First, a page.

The following interview of Ivan Small by Christine Tran was first published in Asian American Giving in April 2008. It was also translated into Vietnamese and published in Voices of America.
As of 2005, there are some three million Vietnamese living outside of Vietnam, with approximately half of those living in the United States. Vietnamese-Americans, many of whom are still culturally and emotionally connected to their country of heritage, are increasingly giving back to their families and communities in the form of formal and informal remittances.
The United Nations International Fund for Agriculture & Development put the total estimated amount of remittances to Vietnam at US$6.8 billion in 2007 – over 11.2% of the country’s GDP. Vietnamese-Americans comprise a considerable proportion of those making remittances to Vietnam. Le Xuan Khoa, an adjunct professor at Johns Hopkins University who has written several papers about the Vietnamese-American community and engagement with Vietnam, believes that proportion to be 2/3 of total remittances made to Vietnam.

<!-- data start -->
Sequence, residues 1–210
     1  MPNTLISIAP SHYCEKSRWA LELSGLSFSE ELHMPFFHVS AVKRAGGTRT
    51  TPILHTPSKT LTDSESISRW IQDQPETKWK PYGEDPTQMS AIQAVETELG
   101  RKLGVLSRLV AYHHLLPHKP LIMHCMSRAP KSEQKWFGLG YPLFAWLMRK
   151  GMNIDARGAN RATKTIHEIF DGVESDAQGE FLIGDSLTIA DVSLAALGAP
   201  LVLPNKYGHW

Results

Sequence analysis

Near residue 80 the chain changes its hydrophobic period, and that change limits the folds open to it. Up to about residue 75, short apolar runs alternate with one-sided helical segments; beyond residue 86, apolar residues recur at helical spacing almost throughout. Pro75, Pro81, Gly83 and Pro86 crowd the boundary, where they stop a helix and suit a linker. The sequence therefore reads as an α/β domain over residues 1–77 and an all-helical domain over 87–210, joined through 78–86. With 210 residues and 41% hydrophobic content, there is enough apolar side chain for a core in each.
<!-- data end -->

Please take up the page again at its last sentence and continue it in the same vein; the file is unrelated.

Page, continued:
The significant impact of diasporic giving has received increased attention from various stakeholders, including: diasporic community leaders, multilateral aid agencies, NGOs, policymakers, and government bodies. The UNDP and Ford Foundation are two stakeholders that recognize remittance flows as a powerful development tool. This year, the Ford Foundation will support a discussion on diasporic giving to Asia, including Vietnam, through the Asia Pacific Philanthropy Consortium’s (APPC) fourth biannual conference. The conference, titled “Diaspora Giving: An Agent of Change in Asia-Pacific Communities?” will be held in Hanoi, Vietnam in May 2008. The conference will examine “the potential of diaspora giving as a change agent in their communities of origin” and promises to bring together 120 stakeholders to share best practices, discuss challenges, and formulate recommendations.